Relationship between mean knee joint angle (A), and mean elbow joint angle (B) and individual body mass. Data fit with a least squares regression line. Red triangles are for females. Blue circles are for males. See Table 2 for relevant statistics.

When regressions between body mass and joint angle were performed within each sex separately, we found that the significant positive relationship between body mass and knee angle was upheld in the male-only sample (r2 = 0.386, p = 0.004), and that the slope and intercept of this relationship were similar to that of the regression equation for the combined sample (slope = 0.372 males only; slope = 0.346 both sexes). The female-only regression demonstrated no relationship between knee angle and body mass (r2 = 0.012, p = 0.732). Neither males nor females displayed a significant relationship between elbow joint angle and body mass, though males in the sample had a positive trend of body mass on elbow angle (r2 = 0.176, p = 0.066).

Although some of the relationships discussed above are statistically significant, their correlation coefficients can be considered rather low. After an outlier-analysis was performed on the spread of values in Figure 3 and Table 2, it became apparent that Bono, who is one of the smallest individuals at 7 kg, adopted a highly extended knee joint similar to Seth, who is the largest animal at 29.5 kg (147 vs. 149 degrees, respectively). When removing Bono from the analyses, r2 values increase and the p values decrease for the knee joint (combined sample: r2 = 0.424, p<0.001; male-only sample: r2 = 0.551, p = 0.0003).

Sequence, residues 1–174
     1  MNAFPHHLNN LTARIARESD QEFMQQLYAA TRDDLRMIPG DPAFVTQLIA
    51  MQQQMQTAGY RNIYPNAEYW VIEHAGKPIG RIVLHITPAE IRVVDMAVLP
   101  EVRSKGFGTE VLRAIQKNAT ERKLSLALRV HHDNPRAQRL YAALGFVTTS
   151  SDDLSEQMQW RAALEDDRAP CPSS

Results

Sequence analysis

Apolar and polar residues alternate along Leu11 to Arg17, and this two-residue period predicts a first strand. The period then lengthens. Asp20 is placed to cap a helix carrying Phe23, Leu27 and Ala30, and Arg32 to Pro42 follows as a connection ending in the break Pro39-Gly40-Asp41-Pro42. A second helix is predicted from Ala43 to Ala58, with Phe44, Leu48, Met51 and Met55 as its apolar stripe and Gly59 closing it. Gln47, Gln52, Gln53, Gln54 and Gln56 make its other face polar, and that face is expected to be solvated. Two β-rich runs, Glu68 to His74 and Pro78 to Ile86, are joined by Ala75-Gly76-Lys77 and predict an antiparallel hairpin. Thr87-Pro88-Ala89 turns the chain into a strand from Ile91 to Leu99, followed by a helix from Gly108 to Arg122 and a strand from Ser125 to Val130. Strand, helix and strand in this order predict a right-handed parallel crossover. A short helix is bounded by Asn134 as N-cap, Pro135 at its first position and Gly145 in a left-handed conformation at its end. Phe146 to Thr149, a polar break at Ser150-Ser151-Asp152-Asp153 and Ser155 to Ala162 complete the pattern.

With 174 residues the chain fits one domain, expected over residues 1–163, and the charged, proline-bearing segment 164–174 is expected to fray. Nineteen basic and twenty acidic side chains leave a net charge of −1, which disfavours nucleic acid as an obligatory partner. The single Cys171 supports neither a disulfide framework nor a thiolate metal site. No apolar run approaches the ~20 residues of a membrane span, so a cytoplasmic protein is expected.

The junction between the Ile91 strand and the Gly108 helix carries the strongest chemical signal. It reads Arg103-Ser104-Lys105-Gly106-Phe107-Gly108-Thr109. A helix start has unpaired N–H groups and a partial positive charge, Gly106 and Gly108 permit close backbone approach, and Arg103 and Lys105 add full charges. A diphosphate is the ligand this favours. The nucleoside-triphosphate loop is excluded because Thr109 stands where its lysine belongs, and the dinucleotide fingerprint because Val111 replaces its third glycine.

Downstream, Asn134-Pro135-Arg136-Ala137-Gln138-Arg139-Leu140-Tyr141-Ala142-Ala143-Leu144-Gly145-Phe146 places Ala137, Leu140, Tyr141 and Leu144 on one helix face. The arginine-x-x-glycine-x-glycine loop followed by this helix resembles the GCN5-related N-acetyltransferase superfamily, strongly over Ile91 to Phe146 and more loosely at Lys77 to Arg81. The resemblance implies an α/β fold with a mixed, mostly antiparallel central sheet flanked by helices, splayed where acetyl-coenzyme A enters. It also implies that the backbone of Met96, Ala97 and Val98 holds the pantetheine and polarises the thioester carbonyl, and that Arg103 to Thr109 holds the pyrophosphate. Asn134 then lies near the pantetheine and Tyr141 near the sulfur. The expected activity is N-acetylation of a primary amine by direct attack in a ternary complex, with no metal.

For the combined sample, and in the male-only subset of the data, there was a significant negative relationship between body mass and knee joint CV (combined sample: r2 = 0.448, p = 0.001; male sample: r2 = 0.502, p = 0.007). Thus smaller individuals had more variation in hind limb posture. This relationship was not significant for the elbow joint in the combined sample and in the male-only sample (combined sample: r2 = 0.026, p = 0.465; male-only sample: r2 = 0.098, p = 0.275). For both the knee and elbow joints, body mass had no affect on limb posture variation in females (p>0.05; see Table 2).

Table 3 presents the distribution of LS means of knee and elbow angles for each sex that were calculated in the ANCOVA (with body mass as the covariate). Even though the LS means for knee angle appear larger in males compared to females, and the LS means for elbow angle appear larger in females compared to males, the Tukey's HSD tests demonstrate that males and females do not significantly differ from each other in both elbow and knee joint angles (knee joint: p = 0.473; elbow joint: p = 0.626).

Table 3. Least squares (LS) means and results of ANCOVAs between males and females*.


Large-scale interspecific analyses have previously demonstrated that larger species tend to walk with more extended limb postures. Such kinematic modifications can help decrease the magnitude of muscle force needed to counteract gravity, which in turn attenuates musculoskeletal stresses arising from both muscle and substrate reaction forces [4][6]. Some studies using more narrow phylogenetic samples have found support for this hypothesis (e.g., primates [9], [11]; rodents [7]), while others have demonstrated little to no relationship between body mass and limb posture (i.e., felids [12]). The goal of the present study was to test if large-scale interspecific patterns of limb orientation hold true in a more phylogenetically restricted but ontogenetically expanded sample, specifically in a population of wild chacma baboons (Papio hamadryas ursinus). By filming naturalistic locomotion in the wild, we were able to include a greater number of individuals spanning a large range of body size, as well as avoid many of the potential problems of studying posture and behavior inherent in laboratory studies. Furthermore, we were able to analyze males and females separately, which to our knowledge has not been rigorously investigated in previous studies. Using this approach, our findings for hind limb posture support Biewener's [4] biomechanical model in that older, heavier baboons tend to walk with more extended knee joints. In contrast to the model, however, elbow joint angles did not become more extended with an increase in body size.